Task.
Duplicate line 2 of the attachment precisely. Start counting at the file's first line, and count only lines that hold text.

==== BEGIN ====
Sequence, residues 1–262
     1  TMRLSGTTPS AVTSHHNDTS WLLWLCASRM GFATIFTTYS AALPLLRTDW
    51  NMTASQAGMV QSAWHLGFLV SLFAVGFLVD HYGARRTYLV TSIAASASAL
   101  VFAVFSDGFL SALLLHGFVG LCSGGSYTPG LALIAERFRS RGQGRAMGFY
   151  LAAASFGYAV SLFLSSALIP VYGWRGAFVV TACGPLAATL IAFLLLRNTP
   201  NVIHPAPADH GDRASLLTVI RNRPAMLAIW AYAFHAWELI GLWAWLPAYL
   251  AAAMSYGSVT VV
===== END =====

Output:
     1  TMRLSGTTPS AVTSHHNDTS WLLWLCASRM GFATIFTTYS AALPLLRTDW